Japan Display sets terms of IPO
Japan Display is the largest maker of screens for tablets and smartphones. The company has filed to go public, but has set the price of it’s listing at the bottom of its guidance range. This is because foreign investors did not sound as receptive as expected.
Partially owned by the Japanese government, Japan Display is going public at a good time since the stock market in Asia is performing well. Japan Display is going to offer shares at 900 yen per share, which would give them a total value of 318.5 billion yen ($3.08 billion). Japan Display cut the offering for overseas investors to 37.5% from 45%.
Bankers have concerns that Japan Display is overly dependent on Apple for its business. Japan Display makes 30% of its revenue from working on Apple iPhones and iPads. There is also a decline in screen prices.
Japan Display launched in 2012 through a merger between the struggling display units at Sony Corporation, Toshiba Corporation, and Hitachi. Last week Japan Display set a range of 900 to 1,100 yen for the offering. The IPO is expected to happen on March 19th on the Tokyo Stock Exchange.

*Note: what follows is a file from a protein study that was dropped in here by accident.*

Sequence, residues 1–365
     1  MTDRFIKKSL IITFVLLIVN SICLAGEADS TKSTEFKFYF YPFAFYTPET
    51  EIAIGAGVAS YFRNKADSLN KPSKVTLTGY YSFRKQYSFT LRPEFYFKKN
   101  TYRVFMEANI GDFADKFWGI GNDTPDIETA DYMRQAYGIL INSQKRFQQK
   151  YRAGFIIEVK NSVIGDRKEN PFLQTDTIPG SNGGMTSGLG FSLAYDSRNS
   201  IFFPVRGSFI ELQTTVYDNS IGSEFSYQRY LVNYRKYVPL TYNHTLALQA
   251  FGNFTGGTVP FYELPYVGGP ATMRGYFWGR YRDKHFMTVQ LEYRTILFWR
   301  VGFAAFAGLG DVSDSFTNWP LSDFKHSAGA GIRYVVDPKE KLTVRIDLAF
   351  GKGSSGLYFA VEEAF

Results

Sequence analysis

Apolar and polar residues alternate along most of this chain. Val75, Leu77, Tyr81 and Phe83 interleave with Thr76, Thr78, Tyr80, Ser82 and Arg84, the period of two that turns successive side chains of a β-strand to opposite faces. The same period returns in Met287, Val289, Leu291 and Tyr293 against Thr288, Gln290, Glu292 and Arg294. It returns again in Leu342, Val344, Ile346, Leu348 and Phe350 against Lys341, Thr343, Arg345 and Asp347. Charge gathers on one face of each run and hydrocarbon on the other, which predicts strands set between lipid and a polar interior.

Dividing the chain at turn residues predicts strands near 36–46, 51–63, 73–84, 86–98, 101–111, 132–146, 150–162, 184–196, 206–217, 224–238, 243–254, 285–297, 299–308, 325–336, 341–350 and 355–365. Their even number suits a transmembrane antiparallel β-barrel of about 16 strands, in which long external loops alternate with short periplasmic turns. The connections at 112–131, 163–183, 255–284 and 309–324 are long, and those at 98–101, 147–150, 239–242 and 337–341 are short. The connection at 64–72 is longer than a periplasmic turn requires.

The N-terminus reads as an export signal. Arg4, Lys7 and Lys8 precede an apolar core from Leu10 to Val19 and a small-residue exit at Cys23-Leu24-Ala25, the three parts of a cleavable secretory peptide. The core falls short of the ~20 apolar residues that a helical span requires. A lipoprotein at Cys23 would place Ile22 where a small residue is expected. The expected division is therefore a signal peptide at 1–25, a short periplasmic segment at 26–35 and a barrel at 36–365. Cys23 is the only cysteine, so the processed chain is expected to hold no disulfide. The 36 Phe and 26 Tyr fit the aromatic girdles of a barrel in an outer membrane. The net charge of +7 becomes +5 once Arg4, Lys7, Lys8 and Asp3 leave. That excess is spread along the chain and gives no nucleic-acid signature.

Japan Display is offering 60% of its expanded share capital in the listing, which will also raise 126 billion yen from the sale of new shares. This would go towards funding display manufacturing facilities. The offering would enabled state-backed Innovation Network Corp of Japan to sell its stake to slightly over one-third from 86.7% to double its money from an initial 200 billion yen investment. Japan Display may issue an additional 16.2 billion yen in shares, which would bring the total offering to around 335 billion yen.